Teh, L.S.L., Teh, L.C.L. and Sumaila, U.R. (2011). Quantifying the overlooked socio-economic contribution of small-scale fisheries in Sabah, Malaysia. Fisheries Research 110(3), 450-458.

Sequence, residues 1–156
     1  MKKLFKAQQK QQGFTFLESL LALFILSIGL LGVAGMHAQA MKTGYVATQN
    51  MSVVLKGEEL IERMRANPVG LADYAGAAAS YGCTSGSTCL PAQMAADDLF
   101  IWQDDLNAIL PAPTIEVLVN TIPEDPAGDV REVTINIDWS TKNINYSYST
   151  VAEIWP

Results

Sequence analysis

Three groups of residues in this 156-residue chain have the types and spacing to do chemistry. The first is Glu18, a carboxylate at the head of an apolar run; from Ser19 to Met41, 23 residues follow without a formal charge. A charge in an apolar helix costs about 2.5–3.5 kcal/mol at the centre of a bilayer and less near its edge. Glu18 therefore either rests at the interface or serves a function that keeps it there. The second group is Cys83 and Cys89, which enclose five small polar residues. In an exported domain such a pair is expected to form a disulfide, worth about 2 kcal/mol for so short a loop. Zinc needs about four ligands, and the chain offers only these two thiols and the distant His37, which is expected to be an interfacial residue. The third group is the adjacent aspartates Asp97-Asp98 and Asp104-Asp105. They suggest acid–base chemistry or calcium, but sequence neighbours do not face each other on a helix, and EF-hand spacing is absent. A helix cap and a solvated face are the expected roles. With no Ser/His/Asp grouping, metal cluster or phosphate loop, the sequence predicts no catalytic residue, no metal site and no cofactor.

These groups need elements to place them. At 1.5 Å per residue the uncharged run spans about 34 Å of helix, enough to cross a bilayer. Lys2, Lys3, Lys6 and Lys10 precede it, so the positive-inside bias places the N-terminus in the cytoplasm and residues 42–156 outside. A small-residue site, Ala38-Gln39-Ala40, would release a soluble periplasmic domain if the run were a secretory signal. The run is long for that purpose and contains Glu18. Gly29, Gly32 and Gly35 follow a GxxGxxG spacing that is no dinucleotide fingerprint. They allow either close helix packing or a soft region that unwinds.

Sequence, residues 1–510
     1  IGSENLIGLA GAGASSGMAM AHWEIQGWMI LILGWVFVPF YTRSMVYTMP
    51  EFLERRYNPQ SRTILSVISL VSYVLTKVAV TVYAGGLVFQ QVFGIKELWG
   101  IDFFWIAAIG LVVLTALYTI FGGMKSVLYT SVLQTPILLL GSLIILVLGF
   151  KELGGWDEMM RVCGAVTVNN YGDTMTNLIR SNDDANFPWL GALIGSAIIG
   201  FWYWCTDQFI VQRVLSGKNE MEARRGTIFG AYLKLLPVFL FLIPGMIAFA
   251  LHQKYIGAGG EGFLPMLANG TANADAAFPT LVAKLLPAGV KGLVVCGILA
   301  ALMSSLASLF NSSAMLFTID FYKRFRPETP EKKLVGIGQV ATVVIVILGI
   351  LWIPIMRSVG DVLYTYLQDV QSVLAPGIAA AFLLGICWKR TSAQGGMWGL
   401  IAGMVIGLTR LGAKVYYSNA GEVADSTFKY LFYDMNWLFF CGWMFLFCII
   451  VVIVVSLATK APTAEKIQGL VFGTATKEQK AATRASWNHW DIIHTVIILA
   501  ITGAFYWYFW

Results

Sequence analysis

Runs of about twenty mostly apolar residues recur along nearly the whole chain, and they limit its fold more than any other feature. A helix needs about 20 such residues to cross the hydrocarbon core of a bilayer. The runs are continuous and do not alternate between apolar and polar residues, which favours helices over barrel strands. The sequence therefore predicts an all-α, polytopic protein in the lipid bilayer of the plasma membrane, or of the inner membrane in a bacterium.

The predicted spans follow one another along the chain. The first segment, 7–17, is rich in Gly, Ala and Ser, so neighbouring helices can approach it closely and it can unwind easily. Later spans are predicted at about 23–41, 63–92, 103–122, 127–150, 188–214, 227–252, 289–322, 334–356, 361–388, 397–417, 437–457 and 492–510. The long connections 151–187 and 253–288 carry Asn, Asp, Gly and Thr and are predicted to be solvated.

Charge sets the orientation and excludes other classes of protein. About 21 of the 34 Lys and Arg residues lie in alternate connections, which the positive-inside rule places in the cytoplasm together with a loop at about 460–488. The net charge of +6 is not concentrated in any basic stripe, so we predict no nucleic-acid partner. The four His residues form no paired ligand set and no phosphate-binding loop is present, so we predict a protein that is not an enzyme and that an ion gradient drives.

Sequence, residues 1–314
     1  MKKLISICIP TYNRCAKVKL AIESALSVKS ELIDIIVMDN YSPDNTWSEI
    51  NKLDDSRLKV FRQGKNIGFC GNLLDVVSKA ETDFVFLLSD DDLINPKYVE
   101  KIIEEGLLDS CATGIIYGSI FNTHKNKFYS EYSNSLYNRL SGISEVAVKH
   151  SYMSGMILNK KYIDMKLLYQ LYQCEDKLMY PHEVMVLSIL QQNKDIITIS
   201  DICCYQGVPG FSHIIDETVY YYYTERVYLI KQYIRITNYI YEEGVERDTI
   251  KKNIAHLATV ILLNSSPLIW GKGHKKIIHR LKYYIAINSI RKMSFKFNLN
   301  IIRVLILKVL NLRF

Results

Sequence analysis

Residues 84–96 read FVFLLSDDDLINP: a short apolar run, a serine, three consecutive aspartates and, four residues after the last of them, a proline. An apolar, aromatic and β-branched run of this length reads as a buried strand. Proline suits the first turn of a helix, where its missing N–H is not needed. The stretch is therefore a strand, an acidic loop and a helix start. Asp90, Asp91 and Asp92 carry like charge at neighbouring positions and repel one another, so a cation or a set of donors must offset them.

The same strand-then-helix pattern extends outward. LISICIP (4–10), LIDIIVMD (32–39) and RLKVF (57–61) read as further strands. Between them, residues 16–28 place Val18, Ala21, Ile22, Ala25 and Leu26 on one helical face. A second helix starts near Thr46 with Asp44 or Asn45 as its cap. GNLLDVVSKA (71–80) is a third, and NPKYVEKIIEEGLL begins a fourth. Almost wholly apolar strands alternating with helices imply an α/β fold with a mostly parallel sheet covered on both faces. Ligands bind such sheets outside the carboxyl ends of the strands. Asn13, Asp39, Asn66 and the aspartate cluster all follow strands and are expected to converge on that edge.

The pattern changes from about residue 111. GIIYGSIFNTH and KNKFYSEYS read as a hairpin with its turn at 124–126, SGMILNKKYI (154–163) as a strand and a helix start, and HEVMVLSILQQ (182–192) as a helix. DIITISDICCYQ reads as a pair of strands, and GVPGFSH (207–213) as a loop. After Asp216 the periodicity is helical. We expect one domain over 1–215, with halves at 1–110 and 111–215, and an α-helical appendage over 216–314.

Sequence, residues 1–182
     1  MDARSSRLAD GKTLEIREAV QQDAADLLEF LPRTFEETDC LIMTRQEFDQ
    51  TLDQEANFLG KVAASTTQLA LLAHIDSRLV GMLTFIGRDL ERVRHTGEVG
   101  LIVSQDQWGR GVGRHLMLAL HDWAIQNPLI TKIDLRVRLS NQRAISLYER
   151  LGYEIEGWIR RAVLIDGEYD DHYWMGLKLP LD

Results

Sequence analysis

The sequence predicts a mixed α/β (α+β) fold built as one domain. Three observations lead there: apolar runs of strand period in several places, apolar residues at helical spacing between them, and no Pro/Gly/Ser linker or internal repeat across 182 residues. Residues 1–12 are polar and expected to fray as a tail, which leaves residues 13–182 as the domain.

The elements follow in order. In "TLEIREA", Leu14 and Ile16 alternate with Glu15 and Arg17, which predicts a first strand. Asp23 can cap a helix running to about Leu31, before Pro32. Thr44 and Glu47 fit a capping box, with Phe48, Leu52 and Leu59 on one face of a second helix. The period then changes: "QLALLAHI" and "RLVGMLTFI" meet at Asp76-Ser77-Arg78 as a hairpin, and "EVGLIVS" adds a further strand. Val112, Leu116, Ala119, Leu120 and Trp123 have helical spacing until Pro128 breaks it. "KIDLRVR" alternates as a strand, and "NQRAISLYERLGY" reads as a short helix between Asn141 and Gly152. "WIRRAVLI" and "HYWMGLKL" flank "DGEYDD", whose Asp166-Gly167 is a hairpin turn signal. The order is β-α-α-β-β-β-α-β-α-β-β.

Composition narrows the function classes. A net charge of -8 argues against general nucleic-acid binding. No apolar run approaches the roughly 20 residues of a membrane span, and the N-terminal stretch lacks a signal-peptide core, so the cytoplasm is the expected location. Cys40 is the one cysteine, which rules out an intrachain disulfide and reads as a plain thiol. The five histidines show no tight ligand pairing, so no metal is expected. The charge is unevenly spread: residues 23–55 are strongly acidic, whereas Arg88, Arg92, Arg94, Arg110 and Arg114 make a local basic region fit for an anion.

Abstract: Our study objective is to quantify the present and historical contribution of small-scale fisheries to national economies. We focus on the small-scale fishing sector in Sabah, Malaysia, and use a previously reconstructed time series of Sabah’s small-scale catches as the basis for estimating the economic value of these fisheries. Our findings suggest that since the early 1990s, small-scale fish catches in Sabah may have been undervalued by up to 225%. Presently, small-scale fisheries may be supporting up to an additional 3.5% of Sabah’s population. Further, accounting for the economic impact of unaccounted small-scale fisheries value could have potentially tripled the reported contribution that commercial and small-scale fisheries combined made to GDP in 2009. Overall, our results show that the socio-economic contribution of small-scale fisheries to Sabah society have been substantially undervalued or even unaccounted for historically and in present fisheries statistics. This undervaluation also implies that fishing pressure on Sabah’s inshore marine resources is probably a lot higher than presently perceived, raising concerns about the long-term sustainability of these fisheries resources, and the capacity for Sabah’s inshore fisheries to support coastal livelihoods into the future. Our study strongly suggests the need for more encompassing fisheries monitoring and data collection methods which target the large population of small-scale fishers whose catch is largely unreported.